“A” Is for Apron
Ilene H. Kingsbury
Old woman! Old woman! Old apron woman! Are you too tired to walk the streets today? Why are you rocking so calmly under your plum tree shade? Haven’t you noticed your chair sinking ever deeper into the grassy ground?
Clarissa’s eyes, half closed to the slanting, setting sun scarcely acknowledged the taunt of imprudent children. Old apron woman, indeed! This starched linen apron, crisp to a scratchy crackle; this crocheted insertion six inches deep; this long mantle of white was all she asked of heaven for adornment.
And why not? For on the day she turned eight she wore just such an apron over her best linsey-woolsey, and by midnight it was in rags, covered with printers’ ink! Only one corner was worth being cut off to make a small handkerchief.
She now remembered that night in October of 1838. The frontier was a seething mass of six thousand mobsters intent on death to an unarmed community! No time to harvest the fields, not a moment to pack precious possessions, only an hour to gather the children and start with mother out on the prairie. Only a hasty prayer to protect father gone to negotiate with the wicked invaders.
The start was made. Merging families hastened together for mutual aid. Like quail beneath a bush they hovered. On down the street they soon fled, sobbing, crying, whispering, demanding, praying, grimly going like beasts before a whiplash.
Up ahead was a shout of warning, Back through the ranks thundered word of emergency within this greater struggle. Then, so the rabble would not miss a block of refugees, the man in charge ran by and pointed to one of a family for this acute, quick, quiet, secretive assignment. now an old man, here a boy, there a strong youth, and on to Clarissa’s family cart he came calling.
As she looked up, the man nodded his head in her direction. She glanced backward, hoping she was not the one he meant. But he fairly yelled her name and pointed north to Brother Dawson’s field, to which the other called ones were already running. Her terrified gaze sought her mother’s, who only nodded her consent. At eight years one still minded one’s parents without question, so Clarissa chased after the fleeing figures.
years later Clarissa tired to determine just where she changed from wildly escaping danger to meeting a duty eagerly. It could not have been many rods. But once she became part of this varied aged group, she sensed she could be thought of as a little sister form just another fear-ridden household. Those up ahead waved her onward, past the field, and shortly they entered the printing office. By the time Clarissa caught up with them, the leaders had about-faced somewhere in the shop and were fairly kicking the rest over as they crowded out the door.
Until Clarissa was pushed against a rain barrel she was not aware that each person held something in his arms. In the darkening of night she just couldn’t make it out. Her own steps, now steady, took her indoors. A sure-sounding voice ordered, “Hold out your apron!” Automatically she clasped its lower corners and instantly a great weight was thrown into the ample folds. The jerk of gravity made her knees buckle and her knuckles whiten to the burden. Someone pushed her shoulders to an about turn and as she stumbled out, the order to the next child was, “Put these in your bonnet1″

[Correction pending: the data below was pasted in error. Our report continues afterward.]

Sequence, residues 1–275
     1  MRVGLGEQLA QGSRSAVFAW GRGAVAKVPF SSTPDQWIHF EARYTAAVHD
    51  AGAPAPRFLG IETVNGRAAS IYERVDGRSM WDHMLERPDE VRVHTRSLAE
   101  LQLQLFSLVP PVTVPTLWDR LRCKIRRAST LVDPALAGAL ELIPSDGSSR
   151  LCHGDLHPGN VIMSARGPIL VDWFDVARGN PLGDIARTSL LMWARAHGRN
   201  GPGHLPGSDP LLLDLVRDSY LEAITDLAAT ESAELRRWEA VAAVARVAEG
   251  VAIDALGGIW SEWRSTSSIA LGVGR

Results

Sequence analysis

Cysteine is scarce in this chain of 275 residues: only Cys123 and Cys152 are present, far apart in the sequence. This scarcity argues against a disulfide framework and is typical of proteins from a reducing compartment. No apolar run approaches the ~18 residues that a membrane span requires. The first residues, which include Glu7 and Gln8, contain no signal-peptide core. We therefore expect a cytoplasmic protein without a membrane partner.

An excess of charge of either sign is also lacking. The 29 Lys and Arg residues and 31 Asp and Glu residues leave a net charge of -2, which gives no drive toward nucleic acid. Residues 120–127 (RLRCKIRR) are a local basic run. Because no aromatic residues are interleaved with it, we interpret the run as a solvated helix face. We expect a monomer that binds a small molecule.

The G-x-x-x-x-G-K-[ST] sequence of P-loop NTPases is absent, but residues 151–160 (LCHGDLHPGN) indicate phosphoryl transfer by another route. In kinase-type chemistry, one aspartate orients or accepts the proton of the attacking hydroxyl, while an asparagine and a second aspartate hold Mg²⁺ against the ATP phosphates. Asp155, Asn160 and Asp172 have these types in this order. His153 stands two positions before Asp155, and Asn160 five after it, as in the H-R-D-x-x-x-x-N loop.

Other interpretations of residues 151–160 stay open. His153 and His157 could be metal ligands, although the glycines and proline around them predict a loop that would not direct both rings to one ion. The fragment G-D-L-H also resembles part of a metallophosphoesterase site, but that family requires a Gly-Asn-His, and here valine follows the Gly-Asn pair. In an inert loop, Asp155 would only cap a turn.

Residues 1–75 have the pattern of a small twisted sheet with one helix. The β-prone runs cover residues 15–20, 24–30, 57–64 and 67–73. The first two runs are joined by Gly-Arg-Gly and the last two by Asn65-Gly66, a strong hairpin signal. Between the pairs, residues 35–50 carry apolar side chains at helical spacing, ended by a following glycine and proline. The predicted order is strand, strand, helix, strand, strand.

This automatic, violent course, born of determined action, was so abrupt and almost ruthless, that there was no time for thinking; only obeying. She staggered under her load, and trailed the old man in front. Back toward Dawson’s field they tottered with their burdens.
Above the noise of hounded humanity out on the road, Clarissa could hear the rasp, scrape, and grind of a shovel on reluctant soil. The plunk of the earth sounded at her feet and a voice ordered, “Dump out the type, girl!” She guessed she was already on the brink of a small pit, so, bracing herself, she flung her load out and ahead, heard it fall with a metallic ring, then she clasped her hands to ease the tension of the apron hold.
Someone cried, “Don’t stand there, girl! Go back again!”
Oh, she might lose her place in line if she halted! Three trips she made before the moon showed over the trees. Each time the metal clanked with others in a newly turned hole; each time a ready shovel smoothed the field’s furrows to disguise its recent disturbance.
Quickly, the crew left the spot. Orders were given to be silent on this night’s work. Two men were charged to remember the spot, even if it took years to come back, or if flood or fire should change the scene. One boy whispered, “I’ll come back all right! I’ll dig up that type, and help uncle set it again! I don’t care if it takes ten years!”
Well, it didn’t take ten years, but eleven months did pass before the type was resurrected, carted four hundred miles east to another state and set up in a damp cellar through which ran a spring!
But at eight, Clarissa was too young to think of the far future. Her sudden remembrance of her mother on up ahead in the stream of men and women made her eyes water and her heart jump to her throat. She would have run swiftly to find safety, but the command was to allay suspicion, trail with her fellow laborers of the field, try to appear calm, and give no clue to the night’s affairs. The picture was to be of a belated party catching up with the whole fearing, fleeing settlement.
She cried a little, thinking all was lost – her mother, father, two little brothers – where were they – gone forever?
The march ended at dawn. The frontier miles powdered under their feet. The eight-year-old peered through a morning mist to identify her fellow travelers. But so dirty were they, so unkempt, so inked from head to fingertips, who could tell who they were?